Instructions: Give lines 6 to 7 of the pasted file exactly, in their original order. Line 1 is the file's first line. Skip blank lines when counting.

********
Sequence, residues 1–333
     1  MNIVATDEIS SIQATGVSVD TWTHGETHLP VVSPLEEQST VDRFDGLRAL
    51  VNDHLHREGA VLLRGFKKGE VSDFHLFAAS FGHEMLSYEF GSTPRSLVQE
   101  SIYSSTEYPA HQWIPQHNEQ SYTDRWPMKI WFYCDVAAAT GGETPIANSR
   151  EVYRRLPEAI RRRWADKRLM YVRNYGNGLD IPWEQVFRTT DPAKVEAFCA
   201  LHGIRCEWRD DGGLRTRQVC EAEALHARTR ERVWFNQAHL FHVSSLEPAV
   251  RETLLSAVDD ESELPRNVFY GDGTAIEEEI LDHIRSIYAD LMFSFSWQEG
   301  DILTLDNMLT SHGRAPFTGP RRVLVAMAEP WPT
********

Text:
   201  LHGIRCEWRD DGGLRTRQVC EAEALHARTR ERVWFNQAHL FHVSSLEPAV
   251  RETLLSAVDD ESELPRNVFY GDGTAIEEEI LDHIRSIYAD LMFSFSWQEG